HIV Aids

San Francisco’s Meth Task Force Could Protect Progress in HIV Reduction


A “meth sobering center” was just one recommendation in a 45-page report released by San Francisco’s Methamphetamine Task Force on Oct. 22. The city’s Department of Public Health (SFDPH) announced the creation of this task force in February to sketch a broad vision for how city leaders and health officials should address the epidemic of meth use in the city. This comes after a decade-long rise in overdose deaths and emergency room visits linked to meth. A sobering statistic from the report: Nearly half of the people visiting psychiatric emergency services at one city hospital are high on meth.

San Francisco is not alone. Although meth use decreased earlier in the decade after lawmakers restricted access to key ingredients used to make crystal meth like over-the-counter pseudoephedrine, meth use nationally is at an all-time high and touches every race and socioeconomic class, according to the U.S. Drug Enforcement Agency. The DEA says drug cartels in Mexico have been flooding the U.S. with cheap, potent methamphetamine from “superlabs.” The risks of meth use include “violent encounters, property damage, thefts, and hazardous waste,” according to the report, in addition to physical problems such as a risk of heart attacks, stroke, and tooth decay. While far less frequent than opioid overdoses, meth overdose deaths in San Francisco have tripled since 2008. Mortality rates are highest for African Americans there and skyrocketed in this group from 2014 to 2015, the report found.

The task force is focused on harm reduction, according to Grant Colfax, M.D., director of health at SFDPH and co-chair, along with Supervisor Rafael Mandelman, of the Methamphetamine Task Force. “We listened to key stakeholders and people with lived experience with meth and looked at how to provide services that meet people’s needs where they are, whether they’re on the streets or not. It’s a harm-reduction continuum that is meeting people in a low- or no-barrier way,” Colfax says.

The report outlines how various city agencies and law enforcement can more effectively work together, and most of the recommendations focus on making it easier for meth users to get help. Colfax and Mandelman call on city agencies to overhaul how they handle crisis interventions. Right now, people suffering meth-induced psychosis will call 911, which results in law enforcement intervening. That response wastes resources and brings the user no closer to treatment, but does put them at risk of arrest.

One of the report’s 17 recommendations, a meth sobering center, will be opened within six months, Colfax says, and will be similar to an alcohol sobering center the city has operated since 2003. According to SFDPH, the center will help people ride out their high and offer them options for treatment, lessening the caseload of the city’s overwhelmed psychiatric emergency services. Other recommendations in the report include overdose prevention programs, which might include supervised injection sites similar to sites aimed at preventing opioid overdose that are being set up in Seattle and Philadelphia.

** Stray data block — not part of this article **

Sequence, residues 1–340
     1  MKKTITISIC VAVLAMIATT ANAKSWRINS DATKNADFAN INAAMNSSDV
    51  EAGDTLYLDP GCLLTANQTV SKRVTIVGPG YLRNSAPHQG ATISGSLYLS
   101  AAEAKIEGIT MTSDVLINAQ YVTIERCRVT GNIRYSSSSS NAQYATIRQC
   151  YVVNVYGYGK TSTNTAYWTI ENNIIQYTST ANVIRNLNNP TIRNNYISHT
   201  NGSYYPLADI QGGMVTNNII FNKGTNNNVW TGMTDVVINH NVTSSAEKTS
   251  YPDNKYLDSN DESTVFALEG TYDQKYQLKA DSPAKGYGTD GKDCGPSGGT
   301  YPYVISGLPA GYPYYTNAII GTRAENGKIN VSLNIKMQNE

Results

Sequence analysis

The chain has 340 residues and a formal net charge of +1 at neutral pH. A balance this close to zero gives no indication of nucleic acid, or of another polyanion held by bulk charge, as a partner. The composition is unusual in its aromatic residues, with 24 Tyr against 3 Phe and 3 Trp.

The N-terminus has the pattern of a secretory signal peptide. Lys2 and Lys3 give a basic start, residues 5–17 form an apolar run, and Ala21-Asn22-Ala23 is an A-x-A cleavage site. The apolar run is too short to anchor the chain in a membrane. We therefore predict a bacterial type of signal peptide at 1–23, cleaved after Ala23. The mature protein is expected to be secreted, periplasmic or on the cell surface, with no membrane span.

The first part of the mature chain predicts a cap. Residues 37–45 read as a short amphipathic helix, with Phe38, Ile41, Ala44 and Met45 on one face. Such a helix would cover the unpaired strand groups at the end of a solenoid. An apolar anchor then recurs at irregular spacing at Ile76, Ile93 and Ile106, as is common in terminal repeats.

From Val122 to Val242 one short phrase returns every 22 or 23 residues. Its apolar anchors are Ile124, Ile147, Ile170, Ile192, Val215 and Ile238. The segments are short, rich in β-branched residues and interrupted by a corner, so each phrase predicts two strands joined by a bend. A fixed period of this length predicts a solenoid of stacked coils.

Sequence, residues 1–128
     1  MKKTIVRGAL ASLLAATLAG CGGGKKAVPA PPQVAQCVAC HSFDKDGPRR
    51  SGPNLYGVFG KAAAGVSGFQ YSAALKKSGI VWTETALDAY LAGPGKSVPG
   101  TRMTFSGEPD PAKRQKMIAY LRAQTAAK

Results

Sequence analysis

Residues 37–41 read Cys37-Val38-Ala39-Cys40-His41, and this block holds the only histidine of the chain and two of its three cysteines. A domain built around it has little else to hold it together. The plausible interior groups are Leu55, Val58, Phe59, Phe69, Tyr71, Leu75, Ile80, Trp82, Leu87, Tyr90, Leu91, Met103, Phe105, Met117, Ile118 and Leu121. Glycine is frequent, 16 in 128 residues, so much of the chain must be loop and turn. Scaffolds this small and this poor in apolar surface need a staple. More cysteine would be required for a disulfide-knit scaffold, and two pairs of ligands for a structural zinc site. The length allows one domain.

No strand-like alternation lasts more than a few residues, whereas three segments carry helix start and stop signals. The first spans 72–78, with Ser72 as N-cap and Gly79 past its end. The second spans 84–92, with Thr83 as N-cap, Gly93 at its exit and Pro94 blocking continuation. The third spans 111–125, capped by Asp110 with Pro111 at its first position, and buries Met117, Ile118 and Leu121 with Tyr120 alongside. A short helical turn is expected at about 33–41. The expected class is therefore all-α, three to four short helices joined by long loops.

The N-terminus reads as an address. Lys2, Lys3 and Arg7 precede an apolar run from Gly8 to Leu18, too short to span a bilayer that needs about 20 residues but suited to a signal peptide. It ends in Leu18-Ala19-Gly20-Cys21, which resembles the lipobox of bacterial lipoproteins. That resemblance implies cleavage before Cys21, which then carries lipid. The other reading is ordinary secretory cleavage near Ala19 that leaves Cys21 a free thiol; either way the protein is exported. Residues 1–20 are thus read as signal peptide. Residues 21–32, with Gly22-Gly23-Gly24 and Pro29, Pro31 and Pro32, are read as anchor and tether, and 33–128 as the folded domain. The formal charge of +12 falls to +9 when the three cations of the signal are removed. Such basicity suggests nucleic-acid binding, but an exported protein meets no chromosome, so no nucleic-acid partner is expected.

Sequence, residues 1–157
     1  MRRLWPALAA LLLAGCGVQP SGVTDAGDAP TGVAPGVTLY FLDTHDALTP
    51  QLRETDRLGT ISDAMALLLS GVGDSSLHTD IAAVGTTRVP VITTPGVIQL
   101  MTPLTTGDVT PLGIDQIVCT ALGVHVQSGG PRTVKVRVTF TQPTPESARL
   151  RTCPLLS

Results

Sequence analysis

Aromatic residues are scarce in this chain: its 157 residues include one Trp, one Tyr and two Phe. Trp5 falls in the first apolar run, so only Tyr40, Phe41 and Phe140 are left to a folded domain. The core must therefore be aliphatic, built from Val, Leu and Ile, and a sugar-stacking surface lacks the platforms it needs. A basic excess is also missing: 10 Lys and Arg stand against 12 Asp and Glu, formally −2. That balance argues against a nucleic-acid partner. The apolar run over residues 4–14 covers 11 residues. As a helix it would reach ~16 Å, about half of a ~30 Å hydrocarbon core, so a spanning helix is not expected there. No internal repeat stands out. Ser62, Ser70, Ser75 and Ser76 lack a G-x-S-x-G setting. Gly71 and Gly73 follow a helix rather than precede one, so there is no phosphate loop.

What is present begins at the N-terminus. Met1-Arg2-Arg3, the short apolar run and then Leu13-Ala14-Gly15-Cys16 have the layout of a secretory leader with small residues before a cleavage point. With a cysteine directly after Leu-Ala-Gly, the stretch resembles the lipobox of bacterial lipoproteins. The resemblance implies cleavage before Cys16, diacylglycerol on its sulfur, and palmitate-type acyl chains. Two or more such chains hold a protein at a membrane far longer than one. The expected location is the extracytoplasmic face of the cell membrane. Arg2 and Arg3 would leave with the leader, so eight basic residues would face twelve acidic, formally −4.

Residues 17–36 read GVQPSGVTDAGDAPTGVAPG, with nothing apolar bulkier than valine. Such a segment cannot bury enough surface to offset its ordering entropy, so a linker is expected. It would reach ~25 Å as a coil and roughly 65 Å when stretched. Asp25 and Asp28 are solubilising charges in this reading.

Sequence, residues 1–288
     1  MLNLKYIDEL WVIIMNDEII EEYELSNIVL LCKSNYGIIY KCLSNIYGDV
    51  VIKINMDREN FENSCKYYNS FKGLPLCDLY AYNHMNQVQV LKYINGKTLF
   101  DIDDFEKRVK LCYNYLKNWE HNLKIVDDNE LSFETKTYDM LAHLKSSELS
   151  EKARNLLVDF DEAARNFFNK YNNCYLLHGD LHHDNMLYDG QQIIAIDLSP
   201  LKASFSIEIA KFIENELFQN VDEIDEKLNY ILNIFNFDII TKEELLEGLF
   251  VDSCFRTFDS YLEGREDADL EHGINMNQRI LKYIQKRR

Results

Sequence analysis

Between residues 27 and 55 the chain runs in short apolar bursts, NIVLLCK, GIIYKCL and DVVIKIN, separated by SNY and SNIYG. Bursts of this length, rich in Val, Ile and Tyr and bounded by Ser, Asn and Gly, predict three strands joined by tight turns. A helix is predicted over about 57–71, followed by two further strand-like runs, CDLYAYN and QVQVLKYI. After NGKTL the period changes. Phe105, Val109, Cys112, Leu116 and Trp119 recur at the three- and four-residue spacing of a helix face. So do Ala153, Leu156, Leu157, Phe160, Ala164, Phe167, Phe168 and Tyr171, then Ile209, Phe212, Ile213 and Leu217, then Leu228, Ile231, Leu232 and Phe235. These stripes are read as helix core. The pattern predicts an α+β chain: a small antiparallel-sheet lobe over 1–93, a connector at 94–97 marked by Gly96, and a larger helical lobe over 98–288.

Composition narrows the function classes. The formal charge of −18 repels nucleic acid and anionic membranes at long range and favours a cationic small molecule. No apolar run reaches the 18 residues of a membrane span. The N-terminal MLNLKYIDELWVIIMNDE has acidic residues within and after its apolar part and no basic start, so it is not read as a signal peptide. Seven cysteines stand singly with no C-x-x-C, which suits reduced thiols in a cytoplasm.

The report also recommended improving residential programs, and a street response team, rather than police, to de-escalate public situations involving meth users. The behavioral crisis street response team could be called by dialing 311. The recommendations would require more staff, services, and housing, though the report does not put a dollar figure on all the possible initiatives.

The HIV Connection

There is plenty of research linking meth use to a propensity for sexual risk-taking and HIV transmission, and one study concluded meth could negatively impact the health of HIV-positive users. Aggressive efforts to end the HIV epidemic have helped San Francisco steadily reduce the rate of HIV transmission over the past five years, with a very big caveat: At-risk and underserved populations — including people who are homeless, African American, Latinx, or injection drug users — continue to suffer disproportionately from HIV infections and deaths, according to a recent report from the SFDPH.

Advocates say the escalating meth crisis threatens to undermine the gains made in the HIV fight, especially for vulnerable groups. So the Methamphetamine Task Force comes not a day too soon, according to Laura Thomas, director of harm reduction policy at the San Francisco AIDS Foundation. “When you look at gay and bi men who inject drugs, we haven’t done as good of a job protecting them. Meth use is causing them to be at a higher risk of HIV, especially if they inject it and share needles.”

Thomas, who was involved in the creation of the Methamphetamine Task Force, points out that meth use has been an issue in the city for decades, but the profile of users has changed. More than a decade ago, San Francisco had a task force looking at meth use among gay and bisexual men, but it was disbanded in the wake of the 2008 financial crisis — and none of its recommendations were implemented. A decade later, meth use has expanded to include people of color, sex workers, and, increasingly, homeless people.

That new face of meth use is concerning to Charles Hawthorne, capacity-building coordinator with the Harm Reduction Coalition. “There’s a rising rate of homelessness in the city, and some unhoused people will use meth to stay safe on the streets, or to work more,” Hawthorne says. “And when people use drugs, they’re not as vigilant about protection. And they may also have trouble accessing HIV care and treatment.”

If the Methamphetamine Task Force succeeds in getting people re-engaged in health care or treatment, or allows people to use safely, it could be a success, Hawthorne says. But he adds that he would like his organization to be part of the task force, “so we can be sure it has an emphasis on harm reduction.”

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